Coalition may scrap flagship NHS IT project

Now that the election's over, it's time to find out what the policies are.

Britain's new Deputy Prime Minister, Nick Clegg, today laid out plans for IT in the UK as he unveiled the full agreement between the Conservative and Liberal Democrat parties.

The 34-page moanifesto laid into the IT record of the previous Labour administration, and outlined the ways in which the new coalition would seek to claw back some of Britain's £163 billion deficit from government IT projects.

The document promises greater transparency over public sector IT projects, with the details of all government ICT contracts published online. The coalition also pledged to "level the playing field" for open-source software developers competing on government projects. It also said that large projects would be broken down into smaller components, giving small contractors a better chance.

Pledges to scrap Labour's national identity card scheme, the next generation of biometric passports and the £224 million ContactPoint database of children under 18, had been well trailed since the parties' initial discussions after the election. So had the placing of extra safeguards on data held in the national DNA database, as the Scottish Parliament has already done.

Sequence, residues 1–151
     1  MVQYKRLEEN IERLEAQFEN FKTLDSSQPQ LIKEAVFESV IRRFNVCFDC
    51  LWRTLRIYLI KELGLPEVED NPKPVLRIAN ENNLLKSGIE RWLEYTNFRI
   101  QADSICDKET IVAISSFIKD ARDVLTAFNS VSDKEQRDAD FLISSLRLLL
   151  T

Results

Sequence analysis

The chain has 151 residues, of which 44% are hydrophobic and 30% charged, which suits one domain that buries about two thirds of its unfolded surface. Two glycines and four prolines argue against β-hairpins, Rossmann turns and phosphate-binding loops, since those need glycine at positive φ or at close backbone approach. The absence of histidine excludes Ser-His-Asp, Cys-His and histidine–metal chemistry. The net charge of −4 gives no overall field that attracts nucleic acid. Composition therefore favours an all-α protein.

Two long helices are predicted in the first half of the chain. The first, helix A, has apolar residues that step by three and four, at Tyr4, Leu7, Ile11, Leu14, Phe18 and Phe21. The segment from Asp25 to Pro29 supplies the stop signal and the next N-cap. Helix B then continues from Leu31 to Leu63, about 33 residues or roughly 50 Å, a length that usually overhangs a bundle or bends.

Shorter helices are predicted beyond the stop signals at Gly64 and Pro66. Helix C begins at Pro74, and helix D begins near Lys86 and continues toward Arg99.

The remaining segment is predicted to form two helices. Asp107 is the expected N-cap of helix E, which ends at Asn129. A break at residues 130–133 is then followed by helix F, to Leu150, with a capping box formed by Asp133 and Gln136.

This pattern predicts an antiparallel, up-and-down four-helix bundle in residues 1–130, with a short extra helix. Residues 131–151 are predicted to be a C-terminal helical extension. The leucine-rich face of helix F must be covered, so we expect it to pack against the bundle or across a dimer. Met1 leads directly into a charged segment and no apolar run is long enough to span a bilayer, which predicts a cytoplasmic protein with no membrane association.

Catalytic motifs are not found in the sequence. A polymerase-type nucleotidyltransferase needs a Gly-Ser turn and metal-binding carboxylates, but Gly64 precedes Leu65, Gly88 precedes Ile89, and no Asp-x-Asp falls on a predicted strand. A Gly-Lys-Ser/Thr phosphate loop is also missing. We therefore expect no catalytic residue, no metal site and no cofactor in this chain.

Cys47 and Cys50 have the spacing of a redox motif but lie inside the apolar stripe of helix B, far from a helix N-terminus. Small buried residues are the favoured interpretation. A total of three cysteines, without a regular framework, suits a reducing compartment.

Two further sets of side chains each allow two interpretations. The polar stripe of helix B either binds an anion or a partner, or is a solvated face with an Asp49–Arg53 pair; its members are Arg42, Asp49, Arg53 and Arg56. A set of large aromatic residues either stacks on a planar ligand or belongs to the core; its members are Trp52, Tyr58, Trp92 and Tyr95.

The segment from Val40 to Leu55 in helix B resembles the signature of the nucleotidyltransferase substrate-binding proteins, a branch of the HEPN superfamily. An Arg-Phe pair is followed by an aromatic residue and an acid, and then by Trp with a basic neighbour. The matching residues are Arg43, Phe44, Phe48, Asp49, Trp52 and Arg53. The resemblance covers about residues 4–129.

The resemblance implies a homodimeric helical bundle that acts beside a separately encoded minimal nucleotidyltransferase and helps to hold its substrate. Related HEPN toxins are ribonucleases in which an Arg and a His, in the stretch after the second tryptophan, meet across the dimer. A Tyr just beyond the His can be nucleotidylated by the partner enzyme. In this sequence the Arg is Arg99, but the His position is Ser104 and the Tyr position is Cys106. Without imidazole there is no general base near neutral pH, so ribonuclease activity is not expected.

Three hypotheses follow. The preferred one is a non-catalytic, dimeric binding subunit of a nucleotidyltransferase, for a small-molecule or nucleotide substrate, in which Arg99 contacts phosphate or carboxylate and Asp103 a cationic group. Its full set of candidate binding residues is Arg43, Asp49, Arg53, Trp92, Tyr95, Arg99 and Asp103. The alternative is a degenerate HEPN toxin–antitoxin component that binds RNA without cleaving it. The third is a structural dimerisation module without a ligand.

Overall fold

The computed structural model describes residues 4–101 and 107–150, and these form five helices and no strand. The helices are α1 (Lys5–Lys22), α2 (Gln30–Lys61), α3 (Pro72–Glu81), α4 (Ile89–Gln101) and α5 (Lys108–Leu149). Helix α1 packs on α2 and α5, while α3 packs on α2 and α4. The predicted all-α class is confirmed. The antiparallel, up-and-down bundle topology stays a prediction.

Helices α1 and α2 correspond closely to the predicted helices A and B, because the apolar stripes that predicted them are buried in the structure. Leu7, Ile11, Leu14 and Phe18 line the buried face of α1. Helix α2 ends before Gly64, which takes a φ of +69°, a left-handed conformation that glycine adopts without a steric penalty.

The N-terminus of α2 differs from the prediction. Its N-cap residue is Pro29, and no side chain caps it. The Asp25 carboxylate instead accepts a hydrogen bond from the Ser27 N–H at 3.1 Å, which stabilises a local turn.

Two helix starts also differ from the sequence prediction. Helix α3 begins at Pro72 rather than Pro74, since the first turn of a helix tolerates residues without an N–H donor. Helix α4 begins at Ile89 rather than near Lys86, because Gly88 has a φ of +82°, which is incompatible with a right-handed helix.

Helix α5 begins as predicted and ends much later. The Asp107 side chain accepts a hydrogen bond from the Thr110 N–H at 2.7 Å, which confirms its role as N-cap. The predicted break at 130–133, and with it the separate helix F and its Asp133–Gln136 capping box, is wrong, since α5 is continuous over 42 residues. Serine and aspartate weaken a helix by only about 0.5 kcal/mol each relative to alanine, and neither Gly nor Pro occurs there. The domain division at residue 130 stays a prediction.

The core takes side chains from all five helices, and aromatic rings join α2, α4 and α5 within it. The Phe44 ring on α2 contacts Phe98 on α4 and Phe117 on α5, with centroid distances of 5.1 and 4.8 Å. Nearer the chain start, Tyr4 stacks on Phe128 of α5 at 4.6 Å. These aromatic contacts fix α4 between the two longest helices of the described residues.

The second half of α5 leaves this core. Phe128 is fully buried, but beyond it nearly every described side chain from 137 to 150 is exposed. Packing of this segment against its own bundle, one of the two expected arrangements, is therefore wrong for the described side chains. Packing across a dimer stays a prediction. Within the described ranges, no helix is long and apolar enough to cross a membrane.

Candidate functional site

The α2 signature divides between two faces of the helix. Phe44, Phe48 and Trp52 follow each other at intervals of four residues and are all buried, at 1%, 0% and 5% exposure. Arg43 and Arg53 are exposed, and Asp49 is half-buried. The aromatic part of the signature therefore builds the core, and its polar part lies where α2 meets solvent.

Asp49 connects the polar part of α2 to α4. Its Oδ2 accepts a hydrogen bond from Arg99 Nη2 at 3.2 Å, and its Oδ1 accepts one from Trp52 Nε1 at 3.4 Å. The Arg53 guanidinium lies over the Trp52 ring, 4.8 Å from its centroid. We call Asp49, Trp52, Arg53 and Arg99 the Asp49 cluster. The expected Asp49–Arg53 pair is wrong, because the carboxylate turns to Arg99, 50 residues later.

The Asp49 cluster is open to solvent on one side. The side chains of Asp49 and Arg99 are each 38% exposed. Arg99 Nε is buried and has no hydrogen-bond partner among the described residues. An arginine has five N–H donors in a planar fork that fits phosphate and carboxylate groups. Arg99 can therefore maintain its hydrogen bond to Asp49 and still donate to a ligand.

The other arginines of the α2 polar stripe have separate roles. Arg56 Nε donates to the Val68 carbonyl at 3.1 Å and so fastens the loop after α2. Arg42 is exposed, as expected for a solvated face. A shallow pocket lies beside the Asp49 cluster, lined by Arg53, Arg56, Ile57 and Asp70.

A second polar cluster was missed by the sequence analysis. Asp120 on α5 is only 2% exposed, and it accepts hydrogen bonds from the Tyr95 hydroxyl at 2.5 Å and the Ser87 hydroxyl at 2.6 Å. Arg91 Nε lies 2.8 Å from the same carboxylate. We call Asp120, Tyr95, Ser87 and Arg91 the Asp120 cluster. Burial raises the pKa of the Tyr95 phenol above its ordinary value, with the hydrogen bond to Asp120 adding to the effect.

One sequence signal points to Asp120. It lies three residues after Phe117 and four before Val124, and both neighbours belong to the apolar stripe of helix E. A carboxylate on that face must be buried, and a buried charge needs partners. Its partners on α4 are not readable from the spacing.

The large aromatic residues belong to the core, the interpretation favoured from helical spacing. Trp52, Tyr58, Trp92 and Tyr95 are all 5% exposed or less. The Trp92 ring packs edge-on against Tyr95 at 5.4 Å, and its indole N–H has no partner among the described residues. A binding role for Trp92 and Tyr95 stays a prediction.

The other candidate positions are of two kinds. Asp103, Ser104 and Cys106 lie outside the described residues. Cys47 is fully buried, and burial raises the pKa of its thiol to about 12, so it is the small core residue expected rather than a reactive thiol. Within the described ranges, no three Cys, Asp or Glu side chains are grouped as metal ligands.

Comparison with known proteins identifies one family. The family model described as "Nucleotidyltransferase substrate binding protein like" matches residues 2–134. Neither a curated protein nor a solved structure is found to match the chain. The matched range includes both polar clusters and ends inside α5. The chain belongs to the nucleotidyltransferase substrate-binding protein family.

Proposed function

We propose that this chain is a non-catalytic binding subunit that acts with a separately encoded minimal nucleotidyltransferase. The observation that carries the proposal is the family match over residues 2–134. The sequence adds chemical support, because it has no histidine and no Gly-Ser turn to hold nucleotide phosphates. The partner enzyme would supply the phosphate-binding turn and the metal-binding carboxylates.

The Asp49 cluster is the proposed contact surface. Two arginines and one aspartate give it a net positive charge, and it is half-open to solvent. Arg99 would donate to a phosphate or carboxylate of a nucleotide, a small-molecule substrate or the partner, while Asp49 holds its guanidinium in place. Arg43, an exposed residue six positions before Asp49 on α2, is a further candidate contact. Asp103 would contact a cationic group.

What was missing from the document was any discussion of Labour's flagship IT project, the National Programme for IT. NPfIT is a scheme to create a centrally-held database of NHS patient data in England, connecting 300 hospitals and more than 30,000 GPs. So far, two of the four IT contractors involved have been fired, and national roll-out was shelved last month after it emerged some patients' data may have been submitted without their knowledge.

Before the election, the Tories pledged to scrap the healthcare IT moneypit, which has so far cost taxpayers an estimated £13 billion. [That's just under the £15-20 billion estimated to replace the Trident nuclear deterrent that the Conservatives do want to keep, fact fans!]

Since then, however, all has gone silent.

The Department of Health refused to confirm rumours that the service was to be scrapped, but promised that the policy would be clarified within the next two weeks. "The finer details haven't been worked out yet," a spokeswoman told THINQ. "These things are going to be worked out in due course."